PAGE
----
I assume you are talking about presaccadic remapping and whether RFs jump or spread.
I haven’t read this source fully. It’s on LIP rather than FEF.
There are a lot of possible complications though.
Methods are pretty indirect for remapping studies so there are other ways to interpret results. It might be a spread sometimes and a jump other times depending on the thing being studied (layer, region, cell type, time before the saccade, subthreshold vs. firing, etc.) since it’s different in different layers. On average although with a lot of variation by cell, cells projecting to superior colliculus lose their response to the current visual stimulus as they gain their response to the upcoming post-saccade stimulus, unlike some other layers. It could be a purely attentional effect, so possibly just revealing parts of receptive fields which are less influential normally but still are functionally important.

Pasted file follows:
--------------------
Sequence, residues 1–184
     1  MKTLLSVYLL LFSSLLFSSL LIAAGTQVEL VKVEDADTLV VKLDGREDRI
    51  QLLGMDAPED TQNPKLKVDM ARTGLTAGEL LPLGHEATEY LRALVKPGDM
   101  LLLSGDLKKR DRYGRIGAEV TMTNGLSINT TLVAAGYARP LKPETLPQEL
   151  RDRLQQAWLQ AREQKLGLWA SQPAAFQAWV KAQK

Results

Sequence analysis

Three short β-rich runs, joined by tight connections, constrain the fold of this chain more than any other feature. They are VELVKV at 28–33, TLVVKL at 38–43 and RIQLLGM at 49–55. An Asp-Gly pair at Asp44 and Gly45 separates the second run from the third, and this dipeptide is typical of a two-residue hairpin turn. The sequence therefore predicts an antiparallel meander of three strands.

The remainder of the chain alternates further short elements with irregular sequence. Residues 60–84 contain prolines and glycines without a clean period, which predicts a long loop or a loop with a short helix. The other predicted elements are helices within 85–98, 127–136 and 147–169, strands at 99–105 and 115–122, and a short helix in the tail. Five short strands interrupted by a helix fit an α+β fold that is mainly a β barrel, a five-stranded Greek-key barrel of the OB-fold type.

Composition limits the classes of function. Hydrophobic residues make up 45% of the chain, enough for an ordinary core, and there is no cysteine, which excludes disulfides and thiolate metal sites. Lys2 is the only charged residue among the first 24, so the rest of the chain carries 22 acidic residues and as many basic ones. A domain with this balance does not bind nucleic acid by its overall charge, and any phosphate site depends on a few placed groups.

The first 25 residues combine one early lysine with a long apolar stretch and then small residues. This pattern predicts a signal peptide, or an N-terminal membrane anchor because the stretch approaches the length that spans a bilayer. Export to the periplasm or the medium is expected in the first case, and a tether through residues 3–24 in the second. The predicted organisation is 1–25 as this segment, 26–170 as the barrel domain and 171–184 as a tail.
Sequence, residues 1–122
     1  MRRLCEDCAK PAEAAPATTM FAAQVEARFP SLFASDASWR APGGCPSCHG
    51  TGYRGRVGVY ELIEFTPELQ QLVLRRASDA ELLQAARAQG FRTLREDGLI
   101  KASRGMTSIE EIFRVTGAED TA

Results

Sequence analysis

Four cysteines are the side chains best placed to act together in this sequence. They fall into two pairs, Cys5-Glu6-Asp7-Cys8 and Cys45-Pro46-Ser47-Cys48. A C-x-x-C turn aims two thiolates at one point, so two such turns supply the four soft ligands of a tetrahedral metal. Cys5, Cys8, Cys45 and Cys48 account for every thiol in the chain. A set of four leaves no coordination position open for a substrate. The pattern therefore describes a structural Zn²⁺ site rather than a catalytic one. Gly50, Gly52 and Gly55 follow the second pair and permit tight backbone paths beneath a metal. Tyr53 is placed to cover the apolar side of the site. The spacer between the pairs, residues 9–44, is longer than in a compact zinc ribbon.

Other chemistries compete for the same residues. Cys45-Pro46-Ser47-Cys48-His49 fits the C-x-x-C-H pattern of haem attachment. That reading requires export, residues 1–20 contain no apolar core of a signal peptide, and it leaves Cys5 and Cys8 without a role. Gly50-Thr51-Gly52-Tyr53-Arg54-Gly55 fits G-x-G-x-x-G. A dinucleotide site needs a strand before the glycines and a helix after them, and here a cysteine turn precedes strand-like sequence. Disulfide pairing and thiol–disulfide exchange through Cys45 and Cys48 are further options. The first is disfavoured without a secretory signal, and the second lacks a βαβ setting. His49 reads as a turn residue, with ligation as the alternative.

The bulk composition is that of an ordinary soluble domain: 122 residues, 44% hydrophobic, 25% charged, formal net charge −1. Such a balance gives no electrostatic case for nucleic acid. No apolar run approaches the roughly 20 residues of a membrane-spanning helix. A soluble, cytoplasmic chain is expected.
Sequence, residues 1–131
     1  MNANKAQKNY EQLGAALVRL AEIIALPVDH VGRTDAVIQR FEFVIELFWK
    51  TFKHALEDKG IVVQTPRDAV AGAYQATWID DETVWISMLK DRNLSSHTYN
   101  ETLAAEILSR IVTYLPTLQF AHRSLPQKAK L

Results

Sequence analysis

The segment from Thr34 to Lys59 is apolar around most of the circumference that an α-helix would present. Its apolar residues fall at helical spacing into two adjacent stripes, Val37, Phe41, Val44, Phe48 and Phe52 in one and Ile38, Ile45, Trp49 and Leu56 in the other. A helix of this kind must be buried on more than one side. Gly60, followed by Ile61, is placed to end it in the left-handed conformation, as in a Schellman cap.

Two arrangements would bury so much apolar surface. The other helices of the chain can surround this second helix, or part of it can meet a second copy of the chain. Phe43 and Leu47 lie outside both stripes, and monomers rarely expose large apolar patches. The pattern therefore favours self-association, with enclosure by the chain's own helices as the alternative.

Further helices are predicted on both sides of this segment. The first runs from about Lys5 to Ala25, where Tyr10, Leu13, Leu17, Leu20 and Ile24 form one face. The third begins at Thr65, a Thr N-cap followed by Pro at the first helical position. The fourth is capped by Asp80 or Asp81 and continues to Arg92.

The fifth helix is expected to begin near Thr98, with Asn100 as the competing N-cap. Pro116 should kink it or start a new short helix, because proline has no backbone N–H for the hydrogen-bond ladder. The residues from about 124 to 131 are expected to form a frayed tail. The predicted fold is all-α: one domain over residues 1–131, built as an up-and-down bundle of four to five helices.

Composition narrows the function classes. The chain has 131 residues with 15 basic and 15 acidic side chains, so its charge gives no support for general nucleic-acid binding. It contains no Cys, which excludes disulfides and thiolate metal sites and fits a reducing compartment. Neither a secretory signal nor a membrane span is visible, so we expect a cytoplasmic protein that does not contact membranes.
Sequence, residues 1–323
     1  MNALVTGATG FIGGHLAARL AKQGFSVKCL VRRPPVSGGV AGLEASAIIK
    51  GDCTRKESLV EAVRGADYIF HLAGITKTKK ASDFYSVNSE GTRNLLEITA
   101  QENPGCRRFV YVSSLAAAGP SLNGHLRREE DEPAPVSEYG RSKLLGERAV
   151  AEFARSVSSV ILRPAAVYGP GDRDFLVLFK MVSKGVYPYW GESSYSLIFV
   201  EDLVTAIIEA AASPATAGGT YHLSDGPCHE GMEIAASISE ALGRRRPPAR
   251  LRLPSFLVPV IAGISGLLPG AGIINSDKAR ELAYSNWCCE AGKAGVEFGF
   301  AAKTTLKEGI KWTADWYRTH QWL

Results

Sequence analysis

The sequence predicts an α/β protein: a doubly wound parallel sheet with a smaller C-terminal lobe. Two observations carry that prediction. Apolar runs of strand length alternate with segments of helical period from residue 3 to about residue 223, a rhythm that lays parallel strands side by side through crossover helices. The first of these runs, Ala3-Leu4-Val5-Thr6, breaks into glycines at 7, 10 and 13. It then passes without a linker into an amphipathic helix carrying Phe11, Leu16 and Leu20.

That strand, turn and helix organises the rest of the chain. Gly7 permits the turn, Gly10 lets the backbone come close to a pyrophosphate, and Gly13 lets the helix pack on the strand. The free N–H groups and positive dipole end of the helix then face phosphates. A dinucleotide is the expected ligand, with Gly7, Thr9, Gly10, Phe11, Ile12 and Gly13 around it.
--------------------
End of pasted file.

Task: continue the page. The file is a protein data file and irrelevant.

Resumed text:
It might not even make sense to think about this system just in terms of receptive fields, which could make hypotheses about remapping more self-confirming especially because remapping seems very noisy. For example, if you recorded from HTM’s temporal memory, you could argue that all cells in the same minicolumn have exactly the same receptive fields so minicolumns are therefore for robustness to noise (but the noise is actually sequence context). You could find particular activation patterns (which are actually representations of places in sequences) and make arguments about what those activation patterns are for, such as correlations between the activity patterns and pretty much anything (since a lot of things produce different sequences) and claim a result.
That’s not to say that remapping isn’t interesting and useful evidence. It’s a big clue but hard to work with.